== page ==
The write_i_ function takes one parameter (in %rdi), which is the integer to be printed. It first converts it to string using itoa_ (another library function) and then calls write_s_ which prints the string to standard output using the Linux system call #1 (= write).

Even though at the moment our programs will be using only read_i_ and write_i, the other library functions will come useful in later chapters when we introduce strings.

This version of our runtime library consists of two assembly files (readwrite.s and string_utils.s) that you can find under the libtinsel/src directory in the GitHub repository. I will explain at the end of this chapter how to pass them through the Assembler and link them into your TINSEL programs.

Please note, you can also try these library functions from a C program on Linux (Ubuntu 20.04 or Fedora 35, 64-bit) as follows:

/* test1.c */
extern long long int read_i_();
extern void write_i_(long long int);
long long int i;
void main() {
        write_i_(i = read_i_());

Remember the library routines are written for 64-bit architecture, so all integers must be declared as long long int, otherwise negative integers will not work. You can compile this small test program and link it with our library using this command:

gcc -o test1 test1.c readwrite.s string_utils.s

and you can just run it as ./test1. It will read an integer from the keyboard and print it on the screen in a loop until you give it a 0 (or Enter). You may notice that each integer you enter is printed without a new line, and this is exactly what write_i is supposed to do: write an integer on the screen. However, in order to make the output of our programs easier to read, we will address this gap with a temporary workaround later in this chapter, when we implement the code for print, and with a more permanent solution when we introduce strings in one of the following chapters.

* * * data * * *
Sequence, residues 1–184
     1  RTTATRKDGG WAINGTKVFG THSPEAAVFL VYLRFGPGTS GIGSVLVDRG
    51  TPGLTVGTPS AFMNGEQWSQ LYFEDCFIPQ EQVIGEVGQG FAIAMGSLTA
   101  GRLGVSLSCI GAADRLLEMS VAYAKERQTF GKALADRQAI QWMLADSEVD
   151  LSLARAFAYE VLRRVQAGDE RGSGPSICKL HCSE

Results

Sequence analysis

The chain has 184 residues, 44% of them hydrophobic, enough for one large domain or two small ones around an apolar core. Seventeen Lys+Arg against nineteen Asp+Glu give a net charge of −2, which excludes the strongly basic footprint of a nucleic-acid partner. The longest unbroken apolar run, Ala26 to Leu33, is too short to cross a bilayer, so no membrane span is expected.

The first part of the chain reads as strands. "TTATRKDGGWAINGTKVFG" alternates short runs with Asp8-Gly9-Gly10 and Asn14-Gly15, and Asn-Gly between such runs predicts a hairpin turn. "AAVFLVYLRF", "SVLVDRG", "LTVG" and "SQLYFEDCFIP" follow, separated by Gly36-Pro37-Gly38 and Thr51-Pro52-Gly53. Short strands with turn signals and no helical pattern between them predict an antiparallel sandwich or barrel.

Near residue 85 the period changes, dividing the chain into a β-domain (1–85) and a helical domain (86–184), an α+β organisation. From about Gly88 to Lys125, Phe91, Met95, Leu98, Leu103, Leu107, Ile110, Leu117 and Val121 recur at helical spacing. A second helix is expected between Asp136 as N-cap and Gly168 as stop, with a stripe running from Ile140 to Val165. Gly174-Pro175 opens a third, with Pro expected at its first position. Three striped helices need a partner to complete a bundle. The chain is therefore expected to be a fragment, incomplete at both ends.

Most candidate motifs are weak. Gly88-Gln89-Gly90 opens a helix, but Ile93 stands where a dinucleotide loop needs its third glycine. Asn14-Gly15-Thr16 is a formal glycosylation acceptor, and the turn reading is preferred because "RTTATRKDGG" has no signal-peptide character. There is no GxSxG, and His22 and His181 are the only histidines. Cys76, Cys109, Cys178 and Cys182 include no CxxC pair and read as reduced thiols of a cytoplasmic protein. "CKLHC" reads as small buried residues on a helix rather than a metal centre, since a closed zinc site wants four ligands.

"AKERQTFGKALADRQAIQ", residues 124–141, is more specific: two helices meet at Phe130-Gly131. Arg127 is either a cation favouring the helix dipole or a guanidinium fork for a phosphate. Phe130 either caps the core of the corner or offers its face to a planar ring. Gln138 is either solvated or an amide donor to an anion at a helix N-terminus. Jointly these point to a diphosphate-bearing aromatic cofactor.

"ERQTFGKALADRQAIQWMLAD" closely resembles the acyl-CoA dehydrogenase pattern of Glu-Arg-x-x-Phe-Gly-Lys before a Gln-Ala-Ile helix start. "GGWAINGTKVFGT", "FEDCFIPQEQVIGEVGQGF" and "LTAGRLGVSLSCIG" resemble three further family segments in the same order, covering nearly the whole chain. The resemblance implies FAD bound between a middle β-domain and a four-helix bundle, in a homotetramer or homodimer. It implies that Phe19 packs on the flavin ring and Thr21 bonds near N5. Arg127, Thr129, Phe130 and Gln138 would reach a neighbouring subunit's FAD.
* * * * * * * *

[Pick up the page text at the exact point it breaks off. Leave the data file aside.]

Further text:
The x86-64 Code Module for our Compiler

This is where we will create a new code module that will produce x86-64 code. There are almost no changes required in our Lexical Scanner or the Parsers other than a couple of places where we need to call some functions to generate extra code.

Please copy the code file M68000Instructions.kt to x86-64Instructions.kt. Remember to also change the class name to class x86_64Instructions. Also change the code variable in the CompilerMain.kt:

// the Intel x86-64 instruction set
val code = x86_64Instructions()

Now, let’s first tidy up the routines that send code to the output. We need to write code (a) with or without a tab in the beginning, (b) with or without a newline at the end, (c) output a label and (d) output a comment. The routines to do this will be:

    private val COMMENT = "#"

    /** output code */
    private fun outputCode(s: String) = print(s)

    /** output code with newline */
    fun outputCodeNl(s: String = "") = outputCode("$s\n")

    /** output code with tab */
    fun outputCodeTab(s: String) = outputCode("\t$s")

    /** output code with tab and newline */
    fun outputCodeTabNl(s: String) = outputCodeTab("$s\n")

    /** output comment */
    fun outputComment(s: String) = outputCode("$COMMENT $s\n")

    /** output a label */
    fun outputLabel(s: String) = outputCodeNl("$s:")